Matt Barber

With its 2003 Goodridge v. Dept. of Public Health decision, the Massachusetts Supreme Judicial Court circumvented the constitutional process and arbitrarily imposed “same-sex marriage” on the people of Massachusetts in what amounted to a brazen and contemptuous act of judicial activism. Now members of the liberal Massachusetts state legislature have surrendered to the demands of the militant homosexual lobby and have betrayed both the citizens of Massachusetts and the democratic process by preventing voters from weighing in on this crucial issue.

Prior to Goodridge, the concept of a man “marrying” a man or a woman “marrying” a woman was widely and properly considered preposterous. However, with their decision in Goodridge, four of the court’s seven social mad scientists have zapped artificial life into a cultural “gay-marriage” Frankenstein monster. And that radical and bizarre new concept has been terrorizing the countryside every since.

After the Massachusetts Supreme Court — through judicial fiat — made Massachusetts the only state to recognize “same-sex marriage” by miraculously divining that the framers of the state constitution really intended that Patrick Henry could marry Henry Patrick, many in Massachusetts — embarrassed by the court’s unprecedented leftist extremism — felt that their state had become a laughingstock and initiated the constitutional process in an effort to undo this court forced insanity.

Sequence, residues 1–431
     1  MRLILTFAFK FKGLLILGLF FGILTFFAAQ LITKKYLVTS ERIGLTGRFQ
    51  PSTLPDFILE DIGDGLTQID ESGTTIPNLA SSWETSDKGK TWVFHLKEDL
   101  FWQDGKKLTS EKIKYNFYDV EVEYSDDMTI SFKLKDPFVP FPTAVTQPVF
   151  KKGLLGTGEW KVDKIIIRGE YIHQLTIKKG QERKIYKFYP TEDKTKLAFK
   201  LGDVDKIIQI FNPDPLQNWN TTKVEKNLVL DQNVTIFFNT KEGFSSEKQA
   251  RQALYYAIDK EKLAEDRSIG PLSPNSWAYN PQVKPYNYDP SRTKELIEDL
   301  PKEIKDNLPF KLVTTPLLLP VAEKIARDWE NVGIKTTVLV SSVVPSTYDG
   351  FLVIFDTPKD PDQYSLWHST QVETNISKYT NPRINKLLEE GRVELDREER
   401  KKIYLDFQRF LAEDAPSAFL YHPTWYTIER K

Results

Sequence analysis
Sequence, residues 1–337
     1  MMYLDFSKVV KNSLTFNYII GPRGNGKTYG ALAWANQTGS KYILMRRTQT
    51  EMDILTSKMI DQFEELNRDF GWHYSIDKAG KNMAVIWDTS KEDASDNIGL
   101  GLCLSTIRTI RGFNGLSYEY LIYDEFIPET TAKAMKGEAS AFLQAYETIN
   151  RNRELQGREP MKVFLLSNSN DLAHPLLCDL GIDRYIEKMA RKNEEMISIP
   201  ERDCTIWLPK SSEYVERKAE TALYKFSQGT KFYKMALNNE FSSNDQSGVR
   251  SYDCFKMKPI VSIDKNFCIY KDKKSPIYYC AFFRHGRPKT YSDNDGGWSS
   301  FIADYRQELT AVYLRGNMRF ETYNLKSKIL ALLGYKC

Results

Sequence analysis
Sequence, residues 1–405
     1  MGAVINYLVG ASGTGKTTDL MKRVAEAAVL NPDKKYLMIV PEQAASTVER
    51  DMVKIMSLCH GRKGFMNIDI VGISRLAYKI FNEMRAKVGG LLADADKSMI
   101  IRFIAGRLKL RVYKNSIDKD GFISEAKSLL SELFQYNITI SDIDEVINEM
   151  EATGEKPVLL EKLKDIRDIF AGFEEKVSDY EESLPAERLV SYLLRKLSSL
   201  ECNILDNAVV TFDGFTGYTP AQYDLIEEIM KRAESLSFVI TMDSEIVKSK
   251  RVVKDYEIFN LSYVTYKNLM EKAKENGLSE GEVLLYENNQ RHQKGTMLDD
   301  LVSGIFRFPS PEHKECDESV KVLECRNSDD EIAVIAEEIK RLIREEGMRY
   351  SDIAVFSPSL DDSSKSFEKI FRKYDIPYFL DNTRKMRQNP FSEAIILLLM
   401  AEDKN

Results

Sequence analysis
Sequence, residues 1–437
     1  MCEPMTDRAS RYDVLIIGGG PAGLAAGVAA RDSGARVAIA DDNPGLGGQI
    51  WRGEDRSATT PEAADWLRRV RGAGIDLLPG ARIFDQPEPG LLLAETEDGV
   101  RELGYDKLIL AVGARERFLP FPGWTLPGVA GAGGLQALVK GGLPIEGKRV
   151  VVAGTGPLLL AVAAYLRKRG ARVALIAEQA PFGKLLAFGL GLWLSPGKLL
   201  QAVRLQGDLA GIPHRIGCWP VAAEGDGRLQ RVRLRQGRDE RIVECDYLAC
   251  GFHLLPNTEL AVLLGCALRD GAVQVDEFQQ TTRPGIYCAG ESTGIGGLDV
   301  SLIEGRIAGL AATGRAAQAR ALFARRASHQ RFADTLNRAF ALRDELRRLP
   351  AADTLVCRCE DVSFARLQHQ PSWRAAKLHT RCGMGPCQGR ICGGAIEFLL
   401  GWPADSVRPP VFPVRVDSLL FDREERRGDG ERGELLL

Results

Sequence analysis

Recognizing that “if everything is marriage … nothing is marriage at all,” the good folks of Massachusetts decided to fight back and to defend the cultural cornerstone of legitimate marriage.

In 2005, supporters of marriage accumulated enough petition signatures to send a constitutional amendment to the Massachusetts legislature which, if put to a vote by the people and passed, would have properly restored the definition of marriage to one man – one woman.

At that time, lawmakers refused to take up the initiative for a vote. But, after it became abundantly clear that by ignoring the measure they were shirking their constitutional duty, the passive-aggressive patsies begrudgingly got around to doing their job.

However, in order for the amendment to make it onto the 2008 ballot, at least 50 legislators had to vote in support of the measure in two consecutive sessions. But despite broad support and almost two hundred thousand petition signatures, lawmakers thumbed their collective nose at their constituents and voted by just over a three-to-one margin (151-45) during the second session to deny the citizens of Massachusetts a voice.

Matt Barber

Matt Barber is founder and editor-in chief of He is an author, columnist, cultural analyst and an attorney concentrating in constitutional law. Having retired as an undefeated heavyweight professional boxer, Matt has taken his fight from the ring to the culture war. (Follow Matt on Twitter: @jmattbarber).